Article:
Do you see the sacrifice, the humility it takes to be a servant leader?
It takes empowering someone else so that they don’t depend on us
– which is a loss to our status right there --
and it takes trusting them to do the job their way.

Can you imagine what it was like for Jesus at the Ascension
to hand over the gospel mission to a bunch of goof balls
like the apostles?
After the apostles planted churches all over the civilized world
they had to pass the job on to the first generation of bishops
– none of whom had even met the historical Jesus.

Jesus rose above pride when he handed the mission over
to the Apostles.
The apostles rose above pride when they handed the mission
over to the bishops.
The bishops rose above pride when they ordained the priests
and entrusted congregations to their leadership.
And so it goes.

We rise above pride when dare not just to do the job,
but to invite, encourage, and inspire
someone else to share it with us
– even take it over from us.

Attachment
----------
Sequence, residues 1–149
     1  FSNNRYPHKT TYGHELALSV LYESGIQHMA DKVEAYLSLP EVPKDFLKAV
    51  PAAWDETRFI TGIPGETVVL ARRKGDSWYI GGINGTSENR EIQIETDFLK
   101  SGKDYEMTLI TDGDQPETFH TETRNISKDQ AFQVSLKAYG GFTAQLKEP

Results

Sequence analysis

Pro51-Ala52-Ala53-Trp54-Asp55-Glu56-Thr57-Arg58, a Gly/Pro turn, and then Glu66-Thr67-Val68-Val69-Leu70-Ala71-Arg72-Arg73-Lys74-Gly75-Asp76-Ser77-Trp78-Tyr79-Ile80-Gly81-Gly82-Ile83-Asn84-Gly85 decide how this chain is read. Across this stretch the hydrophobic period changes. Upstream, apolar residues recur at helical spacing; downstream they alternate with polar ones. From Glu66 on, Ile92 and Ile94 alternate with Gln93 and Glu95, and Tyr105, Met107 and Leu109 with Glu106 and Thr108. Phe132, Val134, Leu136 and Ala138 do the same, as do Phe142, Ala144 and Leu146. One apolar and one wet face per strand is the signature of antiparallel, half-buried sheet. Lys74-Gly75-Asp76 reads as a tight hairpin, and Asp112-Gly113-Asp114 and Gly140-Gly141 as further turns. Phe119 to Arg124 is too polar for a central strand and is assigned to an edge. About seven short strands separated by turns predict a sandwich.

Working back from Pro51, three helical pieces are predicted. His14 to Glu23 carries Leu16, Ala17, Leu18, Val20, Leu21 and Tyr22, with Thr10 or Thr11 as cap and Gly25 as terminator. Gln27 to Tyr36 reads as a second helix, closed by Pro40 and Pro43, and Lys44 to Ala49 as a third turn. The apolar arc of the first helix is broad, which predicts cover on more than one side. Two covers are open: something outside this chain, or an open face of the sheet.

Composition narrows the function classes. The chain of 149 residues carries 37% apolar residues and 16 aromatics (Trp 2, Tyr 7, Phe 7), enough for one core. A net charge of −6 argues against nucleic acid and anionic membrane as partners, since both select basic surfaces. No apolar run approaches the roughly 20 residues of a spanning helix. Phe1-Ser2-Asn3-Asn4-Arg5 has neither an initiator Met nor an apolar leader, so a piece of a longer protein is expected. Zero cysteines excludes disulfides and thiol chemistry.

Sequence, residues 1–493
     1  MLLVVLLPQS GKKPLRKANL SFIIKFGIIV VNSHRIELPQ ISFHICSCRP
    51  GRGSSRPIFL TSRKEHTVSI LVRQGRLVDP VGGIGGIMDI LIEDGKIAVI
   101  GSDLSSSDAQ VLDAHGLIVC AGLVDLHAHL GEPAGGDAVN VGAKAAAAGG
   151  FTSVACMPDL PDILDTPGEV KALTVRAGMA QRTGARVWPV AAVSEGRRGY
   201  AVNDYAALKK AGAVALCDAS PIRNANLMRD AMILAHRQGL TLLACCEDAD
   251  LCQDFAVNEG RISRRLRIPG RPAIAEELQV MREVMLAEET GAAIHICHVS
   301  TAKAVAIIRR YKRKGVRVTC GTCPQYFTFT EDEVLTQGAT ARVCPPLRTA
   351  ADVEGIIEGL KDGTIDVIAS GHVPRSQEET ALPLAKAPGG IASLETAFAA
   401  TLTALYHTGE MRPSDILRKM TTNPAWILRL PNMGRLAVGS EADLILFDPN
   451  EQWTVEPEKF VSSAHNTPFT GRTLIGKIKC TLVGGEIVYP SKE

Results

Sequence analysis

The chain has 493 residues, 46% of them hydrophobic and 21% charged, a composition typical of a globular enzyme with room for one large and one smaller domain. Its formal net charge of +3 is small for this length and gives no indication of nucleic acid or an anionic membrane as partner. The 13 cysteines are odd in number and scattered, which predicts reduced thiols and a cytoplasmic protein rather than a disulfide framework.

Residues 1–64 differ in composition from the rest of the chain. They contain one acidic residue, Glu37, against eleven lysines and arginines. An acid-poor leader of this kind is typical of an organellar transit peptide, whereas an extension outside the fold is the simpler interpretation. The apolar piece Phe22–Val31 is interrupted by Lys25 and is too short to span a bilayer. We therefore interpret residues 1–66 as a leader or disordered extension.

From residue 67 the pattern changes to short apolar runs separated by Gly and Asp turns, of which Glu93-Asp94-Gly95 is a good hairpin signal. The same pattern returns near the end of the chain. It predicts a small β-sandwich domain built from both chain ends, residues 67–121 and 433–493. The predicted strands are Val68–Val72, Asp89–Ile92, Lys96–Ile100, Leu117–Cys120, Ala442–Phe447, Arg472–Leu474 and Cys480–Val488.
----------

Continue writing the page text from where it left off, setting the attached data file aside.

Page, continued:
That’s how we build up the kingdom of God
from the ashes of our own pride.

Friday, August 27, 2010

Three Feasts At One Altar

The Eucharist is the ritual shape of our worship,
and we hope that as the years go by,
our worship will more and more shape our lives.
How we understand the Eucharist makes a difference
for how we understand everything.
A deeper, richer understanding of the Eucharist
will deepen and enrich our experience of all our days.
So let’s look at 2 ways to think about our worship.
Let’s consider the meaning of the word, “Eucharist;”
and then let’s look a the meals in the Bible
that the Eucharist calls to mind.

First, the meaning of the word.
Eucharist is a Greek word. Its root is charis
which means gift or grace -- something freely given.
Whatever God has given us is charis.
And what has God given us? Everything.
In the Eucharist, we remember
where everything we have came from.
We remember that our lives, our loves, this whole wonderful world
is God’s free and unconditional gift to us.
We have not earned it. We cannot earn it. It’s all gift.

If charis means gift, then what is Eucharist?
Eucharist in Greek means our response to the Giver.
It is an act of giving thanks.
That’s why the Eucharistic Prayers are called “The Great Thanksgiving.”

We are thanking God for the great gift of “our creation, our redemption,
all the blessings of this life.”
But this Greek word, eucharist, is a specific kind of thanksgiving.
It isn’t just a polite thank you note.
It is a giving back to God – not a repayment, but a gift back
to acknowledge what we have received.
In the Eucharist we give something back to God.
We give our very selves. That is the sacrifice on this altar.

In Rite I, we say,
“Here we offer and present unto thee, O Lord,